The Jonas Project’s Senior Capacity Builder, David Hincapie, has written a three-part series on one of the topics he gets the most questions about. This is the first of the three blogs. David is the first point of contact for Veterans who inquire about The Jonas Project, and the one who coordinates all of the resources for their business. He’s on the front lines every day steering our Veteran entrepreneurs in the right direction.
When you started looking online for information about starting a business, you probably saw a lot of talk about “startups” and “lean startups.” And maybe you’ve even wondered if your idea is a “startup.” So what do these terms really mean? What’s all the fuss about?
A “startup” is just a new business. The word comes from the technology startup world of Silicon Valley. But more specifically, a startup is a high-growth new business. That means a business begun with the intention to grow (revenues) very fast and eventually have a public offering of stock.
Or, sometimes entrepreneurs begin a business with the intention of producing a minimum viable product (MVP) so a bigger company will come buy their idea and the entrepreneurs will get rich in the sale. Sometimes they stay to continue developing the product and sometimes they walk away with their millions.
Is my small business idea a “startup” in the Silicon Valley sense?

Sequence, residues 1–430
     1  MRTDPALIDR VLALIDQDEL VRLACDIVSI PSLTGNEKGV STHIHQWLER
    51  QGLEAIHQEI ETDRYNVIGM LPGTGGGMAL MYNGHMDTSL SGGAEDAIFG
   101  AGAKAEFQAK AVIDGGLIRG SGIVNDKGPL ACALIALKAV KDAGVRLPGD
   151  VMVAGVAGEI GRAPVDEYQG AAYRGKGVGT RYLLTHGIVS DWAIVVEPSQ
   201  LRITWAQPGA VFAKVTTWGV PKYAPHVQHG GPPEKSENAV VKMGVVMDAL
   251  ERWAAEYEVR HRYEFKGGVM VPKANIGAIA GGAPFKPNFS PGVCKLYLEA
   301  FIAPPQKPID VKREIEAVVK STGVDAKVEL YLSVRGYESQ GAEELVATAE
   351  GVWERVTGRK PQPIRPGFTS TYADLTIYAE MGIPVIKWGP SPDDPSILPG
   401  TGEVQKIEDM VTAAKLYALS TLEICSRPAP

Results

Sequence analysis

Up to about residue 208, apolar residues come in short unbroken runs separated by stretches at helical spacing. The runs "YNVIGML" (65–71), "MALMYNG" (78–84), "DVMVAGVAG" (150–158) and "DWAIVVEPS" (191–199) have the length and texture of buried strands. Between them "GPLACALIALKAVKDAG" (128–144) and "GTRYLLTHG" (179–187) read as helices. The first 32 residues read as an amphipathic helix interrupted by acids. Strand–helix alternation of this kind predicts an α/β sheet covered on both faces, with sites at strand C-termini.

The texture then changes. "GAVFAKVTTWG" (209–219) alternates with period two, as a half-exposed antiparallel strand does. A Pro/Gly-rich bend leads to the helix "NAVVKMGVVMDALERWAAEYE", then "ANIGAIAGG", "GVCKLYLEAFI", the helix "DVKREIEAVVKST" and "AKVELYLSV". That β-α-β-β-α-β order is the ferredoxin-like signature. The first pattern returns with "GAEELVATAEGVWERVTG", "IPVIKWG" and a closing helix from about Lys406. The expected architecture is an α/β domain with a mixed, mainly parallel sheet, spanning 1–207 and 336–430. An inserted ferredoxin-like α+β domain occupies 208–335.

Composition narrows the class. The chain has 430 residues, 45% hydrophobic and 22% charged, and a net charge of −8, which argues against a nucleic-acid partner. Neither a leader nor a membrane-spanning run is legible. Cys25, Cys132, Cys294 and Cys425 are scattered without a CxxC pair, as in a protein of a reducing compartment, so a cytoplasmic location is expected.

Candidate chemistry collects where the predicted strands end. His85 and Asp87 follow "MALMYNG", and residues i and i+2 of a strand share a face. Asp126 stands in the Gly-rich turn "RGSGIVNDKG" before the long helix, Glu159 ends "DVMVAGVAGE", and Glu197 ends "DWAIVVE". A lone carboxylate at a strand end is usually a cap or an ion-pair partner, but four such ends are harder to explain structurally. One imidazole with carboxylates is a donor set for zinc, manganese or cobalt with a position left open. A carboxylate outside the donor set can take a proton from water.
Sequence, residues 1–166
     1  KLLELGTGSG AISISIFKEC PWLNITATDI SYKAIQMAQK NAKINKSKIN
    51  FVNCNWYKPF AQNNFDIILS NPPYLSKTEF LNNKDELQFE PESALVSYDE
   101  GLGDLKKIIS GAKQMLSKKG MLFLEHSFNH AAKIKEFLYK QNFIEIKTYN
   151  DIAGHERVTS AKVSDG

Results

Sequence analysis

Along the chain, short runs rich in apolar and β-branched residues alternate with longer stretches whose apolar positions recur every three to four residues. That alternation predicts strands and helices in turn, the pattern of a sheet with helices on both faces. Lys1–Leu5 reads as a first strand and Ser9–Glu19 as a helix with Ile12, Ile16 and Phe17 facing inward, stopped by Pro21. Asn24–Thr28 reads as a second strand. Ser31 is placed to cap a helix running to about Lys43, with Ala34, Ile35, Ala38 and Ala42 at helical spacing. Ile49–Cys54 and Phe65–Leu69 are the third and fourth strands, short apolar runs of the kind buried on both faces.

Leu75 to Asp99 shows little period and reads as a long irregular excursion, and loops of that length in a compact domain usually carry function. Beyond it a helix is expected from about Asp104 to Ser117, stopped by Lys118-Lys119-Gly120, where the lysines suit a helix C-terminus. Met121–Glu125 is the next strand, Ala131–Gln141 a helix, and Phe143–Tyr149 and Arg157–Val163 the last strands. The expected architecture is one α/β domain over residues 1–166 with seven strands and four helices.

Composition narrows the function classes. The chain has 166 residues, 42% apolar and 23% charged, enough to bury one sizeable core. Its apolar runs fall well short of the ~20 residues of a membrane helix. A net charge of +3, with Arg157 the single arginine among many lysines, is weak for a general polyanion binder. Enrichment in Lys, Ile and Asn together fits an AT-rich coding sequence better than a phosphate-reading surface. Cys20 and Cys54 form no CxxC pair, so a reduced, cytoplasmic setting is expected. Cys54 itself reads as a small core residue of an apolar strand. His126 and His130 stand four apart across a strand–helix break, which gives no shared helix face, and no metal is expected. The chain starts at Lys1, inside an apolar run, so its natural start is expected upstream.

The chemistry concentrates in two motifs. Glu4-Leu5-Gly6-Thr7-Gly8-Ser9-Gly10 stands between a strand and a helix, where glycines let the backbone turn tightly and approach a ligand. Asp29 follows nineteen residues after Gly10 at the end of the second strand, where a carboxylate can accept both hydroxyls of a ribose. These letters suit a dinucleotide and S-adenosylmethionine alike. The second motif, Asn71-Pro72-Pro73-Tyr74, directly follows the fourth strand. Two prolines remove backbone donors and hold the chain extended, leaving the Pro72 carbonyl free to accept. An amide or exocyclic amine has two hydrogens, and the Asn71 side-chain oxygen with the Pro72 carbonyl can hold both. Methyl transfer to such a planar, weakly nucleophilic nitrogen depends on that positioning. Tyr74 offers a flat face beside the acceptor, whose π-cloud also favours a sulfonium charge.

Most small businesses cannot be scaled up the way a technology business can be scaled. If you start a machine shop or a gym or a brewery or a health food store you are physically limited by how much you can sell in your storefront, how many customers you can serve per hour, or how many people per day can exercise in your gym.
You might be able to scale up if you can sell merchandise or services online. But even with e-commerce not every business can scale. How, for example, do you sell personal training services online when workouts happen in your gym? You can sell the service online but to deliver the service the customer must come into the gym. Thus, a non-scalable business has different problems than a scalable business.
This is why most non-scalable businesses don’t get started with investor money. Investors are essentially gamblers. An investment is a bet they hope will pay back 10 to 1. That is, if they invest $500,000, they are hoping to get $5,000,000 back when the startup is sold to a bigger company or when there is an IPO (Initial Public Offering).
Does that mean I must get a loan?
You might be able to bootstrap your business- start it with your own money or from your immediate circle of friends and family- or you might even crowdfund it. But even though you won’t find venture capital investors for a non-scalable business, you might be able to use the “lean startup” idea to get going fast. Stay tuned for the next post “So what’s a lean startup?”